Fitch Rates $4.7MM Champaign, IL GO Bonds 'AAA'; Outlook Stable
--$4.7 million of GO bonds, series 2016.
Fitch has also affirmed the city's 'AAA' Issuer Default Rating (IDR) as well as the 'AAA' ratings on the city's $58 million of GO bonds currently outstanding.
The Rating Outlook is Stable.
Sale information: $4,700,000 GO refunding bonds, series 2016, expected to sell the week of Sept. 19 via negotiation.
Security: The unlimited tax pledge of the City of Champaign, IL.
Purpose: To refund the city's outstanding series 2007A bonds for net present value savings.
Final Maturity: Dec. 15, 2023.
The bonds are full faith and credit general obligations of the city, payable from ad valorem taxes levied on all taxable property in the city without limitation as to rate or amount.
KEY RATING DRIVERS
The affirmation of Champaign, IL's IDR and GO rating at 'AAA' reflects the city's robust local economy and broad revenue-raising flexibility, which together are likely to result in revenue growth that outstrips the natural growth rate of its expenditures in the coming years. The 'AAA' rating also reflects the city's low long-term liability burden, which is composed mostly of overlapping debt obligations, and what Fitch believes to be a high level of fiscal resiliency based on the city's financial history, superior gap-closing capacity and solid general fund reserves.
Economic Resource Base
Champaign is a city of approximately 85,000 residents located in central Illinois 135 miles south of Chicago. The city, along with its sister city of Urbana, is home to the University of Illinois at Urbana-Champaign. The university acts as a stabilizing factor on the city's employment and economy. As of 2015, the university had an enrollment of just over 44,000 students and employed approximately 14,100 faculty and staff. Equalized valuations have grown strongly in the past two years, driven by significant new construction activity within the city for both commercial and residential building projects. Wealth levels are slightly below average, but are artificially skewed downward due to the large student population living within the city.
Revenue Framework: 'aaa' factor assessment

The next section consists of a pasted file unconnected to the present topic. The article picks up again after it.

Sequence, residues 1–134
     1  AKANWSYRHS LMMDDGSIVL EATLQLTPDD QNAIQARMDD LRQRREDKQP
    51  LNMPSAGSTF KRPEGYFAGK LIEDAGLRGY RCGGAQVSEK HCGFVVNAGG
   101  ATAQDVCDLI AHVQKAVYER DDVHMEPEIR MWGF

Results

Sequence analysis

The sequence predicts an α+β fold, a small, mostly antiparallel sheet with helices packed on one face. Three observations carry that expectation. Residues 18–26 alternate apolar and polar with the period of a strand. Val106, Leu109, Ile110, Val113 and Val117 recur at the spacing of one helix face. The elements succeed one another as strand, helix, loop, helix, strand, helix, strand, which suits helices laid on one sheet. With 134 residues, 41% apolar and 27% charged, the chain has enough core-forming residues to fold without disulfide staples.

Fitch anticipates that Champaign's revenue growth pattern will continue to be strong, with tax and fee revenues likely to rise in line with or above the level of U. S. GDP. Champaign's independent legal ability to raise revenues is high due to its status as an Illinois home rule municipality.
Expenditure Framework: 'aa' factor assessment
Fitch expects Champaign's spending will increase at a pace that is slower or equal to its pace of revenue growth. The city maintains solid expenditure flexibility as management has the power to reduce capital spending and consolidate some functions in order to cut costs. Fixed carrying costs were moderate at about 15% of expenditures in fiscal 2015.
Long-Term Liability Burden: 'aaa' factor assessment
Champaign's long-term liability burden, which is composed of its net debt including overlapping debts, along with its unfunded pension liabilities, is low at 6.8% of personal income and expected to remain so.
Operating Performance: 'aaa' factor assessment
The city's strong revenue-raising powers and reserve levels underpin its capacity to manage through future economic downturns without impairing its fundamental financial flexibility. Budget management during the recovery has been highly conservative and effective, as the city has focused on building up its reserve cushion while maintaining an elevated level of capital investment.
CONSERVATIVE BUDGETING PRACTICES: The rating is sensitive to changes in the city's budgeting practices and policies that mark a departure from its long-standing practices of fiscal conservatism.
REVENUE GROWTH PATTERNS: A significant reduction in Fitch's expectations for strong city tax revenue growth prospects, or changes in state statutes that constrain the city's ability to raise revenues, could result in negative pressure on the rating.
Champaign has grown at an accelerated pace through annexations of unincorporated areas bordering the city, in tandem with residential investment and county-wide economic planning efforts. The private sector, the local community college (i. e. Parkland College) and the university have all participated actively in these initiatives. The strength of the local economy and Champaign County's development program was demonstrated when the city's tax base grew steadily from 2007 through 2011 even while Illinois and the U. S. were mired in recession and in the slow recovery that followed. After three years of small declines in assessed values given an assessment lag in Illinois, Champaign's tax base returned to steady growth in 2015 and 2016, spurred on by positive trends in construction and local housing market values. Some of the most active development is taking place in areas adjacent to the university campus and the university's nearby research park.